The screenplay ends after Kurt has been gone for some time--without any word from him--and it is now time for the oldest son to take his place in the battle against fascism in Europe.

     The title of the screenplay, Watch On the Rhine, resonates with echoes from several sources. A favorite song of the German soldiers during the Franco-Prussian War of 1870 was titled "Watch On the Rhine."
A voice resounds like thunder-peal,
'Mid dashing waves and clang of steel:
The Rhine, the Rhine, the German Rhine!
Who guards to-day my stream divine?
Dear Fatherland, no danger thine;
Firm stand thy sons to watch the Rhine!
     The song is probably most famous as the song sung by Nazi soldiers in Rick's Cafe Americain in the film Casablanca when Victor Laszlo, a renowned anti-Nazi, leads the Free French sympathizers to drown out the Nazis with the Marseillaise, the French National Anthem.

     An ironic twist is added to the title by the fact that the last major battle by the Allies against the Nazis was known by the German soldier as Wacht am Rhein, Watch on the Rhine. The battle was known to the American soldier as The Battle of the Bulge and to the Belgians as The Battle of the Ardennes.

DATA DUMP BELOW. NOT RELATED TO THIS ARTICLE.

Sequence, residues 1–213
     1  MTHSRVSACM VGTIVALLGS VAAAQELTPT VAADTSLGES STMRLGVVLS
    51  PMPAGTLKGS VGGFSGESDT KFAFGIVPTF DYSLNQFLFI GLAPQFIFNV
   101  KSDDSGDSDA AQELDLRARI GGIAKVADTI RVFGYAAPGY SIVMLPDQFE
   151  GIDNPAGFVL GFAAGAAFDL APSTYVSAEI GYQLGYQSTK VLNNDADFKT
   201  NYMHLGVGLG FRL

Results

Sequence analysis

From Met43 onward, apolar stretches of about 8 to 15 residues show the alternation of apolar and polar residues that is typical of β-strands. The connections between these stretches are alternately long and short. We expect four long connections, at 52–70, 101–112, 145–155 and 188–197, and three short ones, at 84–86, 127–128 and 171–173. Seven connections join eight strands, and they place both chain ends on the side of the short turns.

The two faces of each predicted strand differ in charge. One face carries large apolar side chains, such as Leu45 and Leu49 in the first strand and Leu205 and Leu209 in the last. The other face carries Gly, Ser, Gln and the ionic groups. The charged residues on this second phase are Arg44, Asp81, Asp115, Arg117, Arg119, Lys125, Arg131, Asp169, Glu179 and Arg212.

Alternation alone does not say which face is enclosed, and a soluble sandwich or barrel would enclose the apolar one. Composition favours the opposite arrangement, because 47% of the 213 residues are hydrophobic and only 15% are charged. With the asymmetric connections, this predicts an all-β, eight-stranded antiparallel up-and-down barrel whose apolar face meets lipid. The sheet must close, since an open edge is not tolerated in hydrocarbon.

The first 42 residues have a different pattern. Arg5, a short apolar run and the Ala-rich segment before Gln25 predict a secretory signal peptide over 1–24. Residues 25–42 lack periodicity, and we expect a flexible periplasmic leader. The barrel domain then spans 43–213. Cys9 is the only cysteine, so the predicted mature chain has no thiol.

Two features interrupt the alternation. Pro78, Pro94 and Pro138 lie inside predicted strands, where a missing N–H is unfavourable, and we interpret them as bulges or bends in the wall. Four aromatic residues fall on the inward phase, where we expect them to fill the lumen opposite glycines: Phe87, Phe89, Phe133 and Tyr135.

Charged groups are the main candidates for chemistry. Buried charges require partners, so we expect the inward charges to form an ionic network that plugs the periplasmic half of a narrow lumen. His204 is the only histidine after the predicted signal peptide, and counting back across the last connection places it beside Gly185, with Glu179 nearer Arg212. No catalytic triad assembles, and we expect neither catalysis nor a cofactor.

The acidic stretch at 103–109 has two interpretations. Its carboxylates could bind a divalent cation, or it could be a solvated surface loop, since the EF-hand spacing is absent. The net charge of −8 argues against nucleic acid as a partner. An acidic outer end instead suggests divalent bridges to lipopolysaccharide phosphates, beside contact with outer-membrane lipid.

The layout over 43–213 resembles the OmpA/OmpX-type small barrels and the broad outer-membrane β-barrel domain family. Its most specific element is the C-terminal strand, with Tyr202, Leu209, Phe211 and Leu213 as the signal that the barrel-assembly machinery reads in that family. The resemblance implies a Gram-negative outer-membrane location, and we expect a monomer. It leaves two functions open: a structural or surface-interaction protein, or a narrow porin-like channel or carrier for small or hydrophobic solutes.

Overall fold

Watch On the Rhine is one of several movies adapted from works by Lillian Hellman. In 1931 she met the writer Dashiell Hammett, who remained her sometime companion until his death in 1961. Watch on the Rhine was the only collaboration for the two.

     Hammett, the writer of the screenplay for Watch on the Rhine, was perhaps best known as the author of detective novels and his fictional character, Sam Spade. One of Hammett's novels was made into the highly-popular movie, "The Maltese Falcon."

     It's an indictment of American culture that Hellmann and Hammett, who wrote a number of anti-fascist works, were both hounded by the infamous House Un-American Activities Committee in the 1950s. Hellmann was merely questioned by the fascist committee, but Hammett's career was essentially destroyed in 1951 when they branded him as an active communist. Hammett refused to cooperate during the hearings and spent six months in jail. Later the Internal Revenue service accused him of tax delinquency. Hammett never wrote again.

     Paul Lukas deservedly won the Academy Award for Best Actor in 1943 for his role in Watch On the Rhine. Lukas had become a U. S. Citizen in 1933, so the movie and the part had personal significance for him. Lukas had played the role on Broadway.

     On his role in Watch on the Rhine, Lukas commented: "The writing is so right you don't have to learn the part. It sticks to you. I amuse myself by changing a gesture occasionally."

     Bette Davis, the consummate egotist in personal life, turned in a self-aggrandizing performance in her role as Sara Muller. Davis's life is a tragic tale of Hollywood narcissism. She had received excessive praise from such movie moguls as Jack Warner, who when asked to define the term "movie star," answered "Bette Davis."